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A Trio of Spring Crostini

A Trio of Spring Crostini

Spring means it’s time to start entertaining outdoors again. I can’t wait to toss the cushions on the patio furniture, invite a few friends over and open a bottle of chilled rosé. To be honest, the wine makes anytime a party but I wouldn’t think of having friends over without a few nibbles to serve alongside my favorite summer wine. Said nibbles do have to be easy and quick and pair nicely with rosé, so here goes.

I have a definite soft spot for crostini. It’s a perfect hand-held appetizer consisting of a one or two bite morsel of something delicious perched atop a toasted slice of bread. But with so many diets avoiding grains these days, let’s think outside the box. Exuberant spring with its light and bright nature mandates a fresh new approach to the crostini-esque munchie. How about a few new ideas for making crostini without the bread?

For a delicious take on the un-crostini, toss out the bread and use a sliced pear to hold crispy prosciutto, feta cheese, toasted walnuts and a honey drizzle. Or use Belgian endive leaves, which are naturally shaped like a little canoe, nestled with a mixture of ricotta cheese, lemon and fresh spring peas. The third take is a comforting and familiar baguette slice slathered with salty tapenade, roasted tomatoes and Parmesan cheese. Familiar? Yes. Boring?  No.

So here’s the plan…make one or all three of these make-ahead bites the next time you have friends and family over. Oh, and don’t forget the rosé.

Pear Crostini with Crispy Prosciutto, Walnuts and Feta

Pear Crostini with Crispy Prosciutto, Walnuts and FetaStart to finish: 30 minutes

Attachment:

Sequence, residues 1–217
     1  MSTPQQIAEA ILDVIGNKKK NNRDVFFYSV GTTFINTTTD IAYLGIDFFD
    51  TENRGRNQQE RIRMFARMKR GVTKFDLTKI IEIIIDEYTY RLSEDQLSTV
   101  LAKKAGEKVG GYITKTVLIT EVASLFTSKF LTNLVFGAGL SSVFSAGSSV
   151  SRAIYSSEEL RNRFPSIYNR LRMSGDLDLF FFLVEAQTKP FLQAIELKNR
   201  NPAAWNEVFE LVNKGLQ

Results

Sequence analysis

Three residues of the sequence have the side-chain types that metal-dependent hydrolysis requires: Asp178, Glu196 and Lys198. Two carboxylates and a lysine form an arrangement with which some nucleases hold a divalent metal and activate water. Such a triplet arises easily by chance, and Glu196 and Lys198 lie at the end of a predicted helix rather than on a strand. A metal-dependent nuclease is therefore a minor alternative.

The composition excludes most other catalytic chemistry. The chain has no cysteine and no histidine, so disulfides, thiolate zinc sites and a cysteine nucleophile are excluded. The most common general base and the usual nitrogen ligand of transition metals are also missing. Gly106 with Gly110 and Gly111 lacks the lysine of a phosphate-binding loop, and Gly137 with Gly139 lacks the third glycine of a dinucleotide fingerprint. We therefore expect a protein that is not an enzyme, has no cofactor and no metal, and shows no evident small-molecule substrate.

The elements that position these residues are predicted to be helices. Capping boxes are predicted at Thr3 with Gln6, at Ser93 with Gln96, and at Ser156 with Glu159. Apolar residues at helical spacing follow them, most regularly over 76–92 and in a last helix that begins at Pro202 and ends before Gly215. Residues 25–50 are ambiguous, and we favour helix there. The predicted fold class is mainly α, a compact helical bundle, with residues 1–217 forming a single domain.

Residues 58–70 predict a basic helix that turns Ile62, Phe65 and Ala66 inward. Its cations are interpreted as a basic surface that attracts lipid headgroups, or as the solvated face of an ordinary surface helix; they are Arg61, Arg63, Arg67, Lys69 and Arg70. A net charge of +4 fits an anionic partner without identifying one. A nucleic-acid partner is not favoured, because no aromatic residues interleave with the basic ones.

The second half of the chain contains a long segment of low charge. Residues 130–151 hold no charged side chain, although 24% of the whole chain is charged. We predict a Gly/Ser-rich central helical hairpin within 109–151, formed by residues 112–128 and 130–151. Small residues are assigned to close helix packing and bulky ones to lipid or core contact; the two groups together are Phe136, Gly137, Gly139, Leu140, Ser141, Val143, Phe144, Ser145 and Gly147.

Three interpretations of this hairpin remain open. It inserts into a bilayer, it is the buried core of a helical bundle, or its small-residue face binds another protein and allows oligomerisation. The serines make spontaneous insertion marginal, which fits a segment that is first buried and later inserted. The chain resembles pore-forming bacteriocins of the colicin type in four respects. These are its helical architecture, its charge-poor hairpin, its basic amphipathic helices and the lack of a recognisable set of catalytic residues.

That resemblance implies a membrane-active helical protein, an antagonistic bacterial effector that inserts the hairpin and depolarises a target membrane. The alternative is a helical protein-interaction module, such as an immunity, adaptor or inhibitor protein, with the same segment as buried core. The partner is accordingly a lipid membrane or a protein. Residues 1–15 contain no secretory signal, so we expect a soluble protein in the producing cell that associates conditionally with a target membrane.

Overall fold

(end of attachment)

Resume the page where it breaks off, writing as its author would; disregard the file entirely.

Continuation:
Hands on time: 30 minutes

Pears, ham, walnuts and cheese are a classic flavor combo that just so happens to pear (pun intended) deliciously with chilled rosé. I love using offbeat ingredients for crostini-like base appetizers and who can argue that pear is lots more flavorful than a slice of bread. Plus, it’s gluten-free providing a tasty alternative for your guests with dietary restrictions or those who just crave something delish.

It’s that easy: To keep the topping from rolling off, cut the pear wedges so that they lay as flat as possible. Sprinkle with the toppings and apply the drizzle of honey which acts kind of like sweet hairspray, holding all the little pieces together. Another trick might be to serve these with those little wooden appetizer forks for an easy pick-up and pop in the mouth.

Makes about 16 pieces


1 ripe pear
1 tablespoon lemon juice
1 tablespoon olive oil
1/4 cup finely chopped walnuts
3 slices prosciutto, finely chopped
2 ounces feta cheese, crumbled
2 tablespoons honey (best out of a squeeze bottle for easy drizzling)


Core the pear and slice it thinly into about 16 wedges. Arrange the pear slices on a sheet pan and brush them with the lemon juice to keep them from browning.

Heat the oil in a skillet over medium-high heat and add the prosciutto. Cook until crispy, about 3 minutes.  Remove with a slotted spoon to a paper towel lined plate. Add the nuts to the oil remaining in the pan and toast the nuts for another 2 minutes or until lightly browned and toasty. Transfer them to another paper towel lined plate and cool.

Sprinkle the prosciutto over the pears and top with a sprinkle of goat cheese, nuts and a drizzle of honey. Arrange on a platter and serve immediately or refrigerate for up to 2 hours. Allow to warm slightly before serving.

Prosciutto and walnuts can be prepared up to 4 hours ahead and kept at room temperature.

Endive with Lemony Ricotta and Spring Peas

Endive with Lemony Ricotta and Spring PeasStart to finish: 30 minutes
Hands on time: 30 minutes

I love how the endive leaves make little canoes for the filling to rest like precious cargo. Light and fresh, the little spears are filled with a creamy, cheesy, sweet pea filling with a hint of lemon. Perfect as an accompaniment to rosé or other light white wines, these little boats are as pretty and gluten-free as they are delicious.